It's impossible to know from the outside just how close the Taoiseach really is to Angela Merkel, somebody whom he sees a few times a year - and if the cool and calculating German chancellor would be particularly influenced by such relationships.
Perhaps Mr Kenny's contact book was indeed a key component. Certainly, he would have taken all the stick if Ireland's unique position wasn't recognised in the negotiating principles, so it's probably fair enough for him to take the accolades when it was.
But either way, a little like Neville Chamberlain coming home from Munich in 1938 declaring "peace for our time", it would be wise not to get too excited just yet about what has been delivered. We are still in the phoney war stage. The battle hasn't begun.
And if the leaks of Theresa May's dinner with Jean-Claude Juncker, the EC president, are anything to go by, things are going to get very messy. And potentially ugly, as well.
If that happens, and the you-know-what hits the fan, it would be naive to imagine that the emphasis given to Ireland's "unique" position in the negotiating principles will matter a jot. We will be collateral damage.
There are two ways of assessing the British prime minister's reported attitude at the dinner with Mr Juncker.
The more positive one is that her only priority at the moment is to secure a massive majority in the general election. And reports of her playing hardball with Jean-Claude Foreigner can only help her chances of doing so. Once that majority is secured, the serious business of negotiations can then begin.
But the more worrying assessment is that Mrs May is out of her depth and that Britain is indeed in a "parallel reality" - its leaders making it up as they go along with a guileless viewpoint that they'll be fine regardless.
The hope is that it's the former. We need Britain to do a good deal with the EU. One must assume there are some very clever people advising Mrs May and her government. But still it's at best 50-50 that the negotiations will go in any way smoothly.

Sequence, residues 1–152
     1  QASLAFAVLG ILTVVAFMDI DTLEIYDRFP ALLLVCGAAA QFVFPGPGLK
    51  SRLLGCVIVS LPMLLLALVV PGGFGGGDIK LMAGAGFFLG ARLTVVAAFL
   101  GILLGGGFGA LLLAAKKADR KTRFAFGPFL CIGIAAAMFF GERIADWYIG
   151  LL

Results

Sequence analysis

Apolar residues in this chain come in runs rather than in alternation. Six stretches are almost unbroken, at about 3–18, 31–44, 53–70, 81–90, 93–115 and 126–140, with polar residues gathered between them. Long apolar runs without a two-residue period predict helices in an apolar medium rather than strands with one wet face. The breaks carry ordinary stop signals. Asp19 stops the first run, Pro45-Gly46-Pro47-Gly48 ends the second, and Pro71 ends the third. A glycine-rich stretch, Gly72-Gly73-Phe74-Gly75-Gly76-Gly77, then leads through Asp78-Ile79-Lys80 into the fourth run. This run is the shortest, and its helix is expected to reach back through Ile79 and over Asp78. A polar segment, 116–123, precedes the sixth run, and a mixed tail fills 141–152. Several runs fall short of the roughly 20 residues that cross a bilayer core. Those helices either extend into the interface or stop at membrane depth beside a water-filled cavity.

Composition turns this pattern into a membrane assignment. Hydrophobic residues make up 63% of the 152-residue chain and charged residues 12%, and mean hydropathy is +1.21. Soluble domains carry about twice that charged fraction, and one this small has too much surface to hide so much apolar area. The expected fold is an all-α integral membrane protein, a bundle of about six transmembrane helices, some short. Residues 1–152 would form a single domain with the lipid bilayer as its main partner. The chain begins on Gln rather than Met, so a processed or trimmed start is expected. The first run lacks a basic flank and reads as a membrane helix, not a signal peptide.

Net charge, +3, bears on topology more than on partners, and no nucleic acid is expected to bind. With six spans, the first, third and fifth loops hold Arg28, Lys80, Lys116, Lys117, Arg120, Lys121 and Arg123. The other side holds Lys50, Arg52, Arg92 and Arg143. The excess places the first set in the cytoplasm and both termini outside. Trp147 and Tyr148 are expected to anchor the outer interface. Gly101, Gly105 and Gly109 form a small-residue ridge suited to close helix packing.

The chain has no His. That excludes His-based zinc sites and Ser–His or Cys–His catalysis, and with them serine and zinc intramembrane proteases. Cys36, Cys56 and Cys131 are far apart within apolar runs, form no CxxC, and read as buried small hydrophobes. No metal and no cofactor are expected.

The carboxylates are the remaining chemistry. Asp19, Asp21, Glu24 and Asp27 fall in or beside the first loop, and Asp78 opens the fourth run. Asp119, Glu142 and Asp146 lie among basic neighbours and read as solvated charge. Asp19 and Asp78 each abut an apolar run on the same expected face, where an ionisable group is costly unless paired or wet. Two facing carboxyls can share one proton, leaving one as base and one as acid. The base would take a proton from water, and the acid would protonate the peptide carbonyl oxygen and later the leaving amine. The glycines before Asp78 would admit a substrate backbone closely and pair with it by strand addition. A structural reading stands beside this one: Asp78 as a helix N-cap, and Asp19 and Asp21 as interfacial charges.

What is surely beyond doubt is that the negotiations are going to take a long time - notwithstanding Mrs May's belief that the controversy over the future rights of EU citizens living in the UK can be settled by next month.
Given that, it's surely desirable a new taoiseach is in situ sooner, rather than later. Mr Kenny is now effectively a caretaker Taoiseach and has been for some time.
Politically speaking, he's living from month to month. Our European partners know he's on the way out and, old friendships or not, that inevitably means he just cannot carry the same clout.
That's no way to enter into the most important talks this country will be involved in since the Anglo-Irish Treaty of 1921. As everyone knows, we didn't field our strongest team back then, and look how that turned out.
Forget the spin and the PR coming from Mr Kenny's camp - it's time the mantle and the mandate, to secure the best possible deal for Ireland in near-impossible circumstances, is passed to the next generation. Without delay.
Shane Coleman presents Newstalk Breakfast, weekdays from 7am.